Can PVA help me find a job or explore educational opportunities?
Paralyzed Veterans of America’s employment program, PAVE, provides FREE employment support and vocational counseling assistance to ALL transitioning service members, veterans, military spouses, and caregivers.
Government Relations and Advocacy
What is the difference between Paralyzed Veterans of America and Disabled American Veterans?
Paralyzed Veterans of America and Disabled American Veterans work closely together on issues of mutual concern. However, PVA is focused solely on the needs of veterans with catastrophic disabilities and paralyzed veterans. DAV’s members have a variety of abilities and they primarily focus on veterans’ benefits and health care. PVA’s programs reflect a more expansive view of the needs of our members to include not only veterans’ benefits and health care, but also their right to access their communities as people with disabilities. We are the leader in the veterans’ community for disability civil rights, including the protection of the Americans with Disabilities Act for all people with disabilities.
Do Paralyzed Veterans of America’s programs and services overlap or duplicate government programs?
No. In fact, the programs offered by Paralyzed Veterans of America complement those offered by government programs. PVA offers critical assistance to and oversight of benefits and services provided by the Department of Veterans Affairs. PVA also helps veterans with catastrophic disabilities who encounter barriers in their communities by empowering them to advocate for their removal. In a time when government services are underfunded, PVA often fills an important void. Without our assistance, many paralyzed veterans would not have proper access to the benefits, services, and rights that they have earned.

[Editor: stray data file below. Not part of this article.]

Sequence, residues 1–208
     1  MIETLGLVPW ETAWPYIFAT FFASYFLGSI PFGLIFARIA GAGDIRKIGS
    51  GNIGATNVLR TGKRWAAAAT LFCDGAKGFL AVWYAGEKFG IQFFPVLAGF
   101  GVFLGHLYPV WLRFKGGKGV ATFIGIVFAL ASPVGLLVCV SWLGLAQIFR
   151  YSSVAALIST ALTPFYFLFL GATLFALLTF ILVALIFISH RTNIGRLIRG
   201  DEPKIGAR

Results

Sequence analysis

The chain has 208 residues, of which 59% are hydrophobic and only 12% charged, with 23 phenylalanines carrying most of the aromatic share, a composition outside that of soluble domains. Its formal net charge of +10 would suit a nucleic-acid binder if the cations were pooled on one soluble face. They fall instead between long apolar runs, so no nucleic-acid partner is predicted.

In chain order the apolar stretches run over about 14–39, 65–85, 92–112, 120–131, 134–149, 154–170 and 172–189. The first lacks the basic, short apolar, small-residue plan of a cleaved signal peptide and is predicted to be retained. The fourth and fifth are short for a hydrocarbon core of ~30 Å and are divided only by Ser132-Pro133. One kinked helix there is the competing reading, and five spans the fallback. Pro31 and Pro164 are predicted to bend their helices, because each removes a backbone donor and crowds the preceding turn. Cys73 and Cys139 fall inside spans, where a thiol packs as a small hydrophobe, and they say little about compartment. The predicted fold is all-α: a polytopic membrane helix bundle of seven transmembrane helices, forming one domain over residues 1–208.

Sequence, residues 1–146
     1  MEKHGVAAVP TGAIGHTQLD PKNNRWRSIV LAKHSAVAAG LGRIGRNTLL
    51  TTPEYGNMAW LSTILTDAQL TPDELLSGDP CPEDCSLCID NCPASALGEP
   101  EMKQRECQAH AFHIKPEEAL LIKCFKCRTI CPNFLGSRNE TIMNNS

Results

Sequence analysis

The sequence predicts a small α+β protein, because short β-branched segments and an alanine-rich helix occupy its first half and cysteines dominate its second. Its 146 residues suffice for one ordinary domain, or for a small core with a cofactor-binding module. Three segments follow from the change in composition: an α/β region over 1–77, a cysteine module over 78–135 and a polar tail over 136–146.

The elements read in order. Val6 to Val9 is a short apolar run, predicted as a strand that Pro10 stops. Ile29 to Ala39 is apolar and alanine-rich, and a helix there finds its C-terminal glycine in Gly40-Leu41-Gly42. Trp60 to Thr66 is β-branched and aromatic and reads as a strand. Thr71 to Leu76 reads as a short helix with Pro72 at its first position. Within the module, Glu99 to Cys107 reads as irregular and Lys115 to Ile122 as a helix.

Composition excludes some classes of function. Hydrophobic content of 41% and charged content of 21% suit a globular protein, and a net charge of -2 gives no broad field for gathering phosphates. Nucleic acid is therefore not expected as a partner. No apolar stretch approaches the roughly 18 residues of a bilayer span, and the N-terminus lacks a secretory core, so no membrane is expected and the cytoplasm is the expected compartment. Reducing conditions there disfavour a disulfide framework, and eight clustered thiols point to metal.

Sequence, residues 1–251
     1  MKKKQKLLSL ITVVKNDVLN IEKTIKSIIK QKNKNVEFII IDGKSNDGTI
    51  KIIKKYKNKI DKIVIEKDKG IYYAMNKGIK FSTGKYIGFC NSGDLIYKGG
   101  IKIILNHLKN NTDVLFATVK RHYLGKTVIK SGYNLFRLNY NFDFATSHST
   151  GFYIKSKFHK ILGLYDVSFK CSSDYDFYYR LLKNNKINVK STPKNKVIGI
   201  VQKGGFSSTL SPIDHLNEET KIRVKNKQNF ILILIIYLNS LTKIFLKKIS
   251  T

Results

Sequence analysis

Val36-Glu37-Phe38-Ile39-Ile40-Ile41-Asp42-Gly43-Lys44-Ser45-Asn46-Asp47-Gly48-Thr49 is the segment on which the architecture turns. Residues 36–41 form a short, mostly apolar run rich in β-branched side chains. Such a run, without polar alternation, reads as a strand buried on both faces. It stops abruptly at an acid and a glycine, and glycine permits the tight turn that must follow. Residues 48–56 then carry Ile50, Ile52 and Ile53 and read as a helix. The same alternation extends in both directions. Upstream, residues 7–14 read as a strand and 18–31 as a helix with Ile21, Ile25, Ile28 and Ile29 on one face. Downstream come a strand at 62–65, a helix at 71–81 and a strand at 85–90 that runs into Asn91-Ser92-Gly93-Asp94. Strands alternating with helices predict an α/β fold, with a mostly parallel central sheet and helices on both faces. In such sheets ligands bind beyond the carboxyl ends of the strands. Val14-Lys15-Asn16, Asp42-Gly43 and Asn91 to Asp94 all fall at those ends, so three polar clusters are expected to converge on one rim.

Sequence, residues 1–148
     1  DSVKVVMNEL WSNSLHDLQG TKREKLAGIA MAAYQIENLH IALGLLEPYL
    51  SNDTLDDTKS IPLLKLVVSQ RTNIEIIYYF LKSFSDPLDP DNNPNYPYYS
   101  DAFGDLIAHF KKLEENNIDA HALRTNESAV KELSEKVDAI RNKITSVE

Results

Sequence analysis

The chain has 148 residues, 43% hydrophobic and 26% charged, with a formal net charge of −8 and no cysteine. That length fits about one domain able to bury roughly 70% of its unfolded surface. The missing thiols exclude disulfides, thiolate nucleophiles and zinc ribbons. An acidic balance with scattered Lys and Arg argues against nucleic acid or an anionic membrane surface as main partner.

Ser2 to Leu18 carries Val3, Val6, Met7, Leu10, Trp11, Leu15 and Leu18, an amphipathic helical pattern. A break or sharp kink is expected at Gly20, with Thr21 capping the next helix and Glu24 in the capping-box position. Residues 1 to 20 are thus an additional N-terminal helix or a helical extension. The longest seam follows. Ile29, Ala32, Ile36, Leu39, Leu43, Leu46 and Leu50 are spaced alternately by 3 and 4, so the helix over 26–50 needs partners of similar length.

I am a veteran in need of legal services. Can you help me?
Yes. Paralyzed Veterans of America’s legal services department can help with your claims for benefits administered by the Department of Veterans Affairs (VA). Their attorneys have litigated hundreds of VA benefits cases on behalf of our members and other veterans to ensure that they receive all the VA benefits they have earned. If your claim for VA benefits has been turned down and your appeal to the Board of Veterans’ Appeals has been denied as well, PVA can file a federal lawsuit on your behalf with the U.S. Court of Appeals for Veterans Claims. In certain cases, we may also appeal an adverse decision from the Veterans’ Court to other federal appellate courts.
PVA’s Appellate Services legal staff also provides appellate representation for VA benefits claims that have been initially denied by a VA Regional Office before the VA’s Board of Veterans’ Appeals. Appellate Services staff will work directly with you (or a member of your family) and your local National Service Officer to gather evidence and present a written and/or oral argument before the Board of Veterans’ Appeals.
Paralyzed Veterans of America will also, in certain cases, provide free legal representation to veterans and active duty service members at hearings before military Physical Evaluation Boards, Boards of Correction for Military Records, and Discharge Review Boards.
While PVA does not provide direct legal representation in other kinds of cases, such as domestic relations matters, bankruptcies, criminal misconduct, negligence, and other civil matters, we may be able to provide you with other sources of pro bono (free) or discounted legal services.
Who can become a PVA member?
Membership is free and open to anyone who:
- Is a citizen of the United States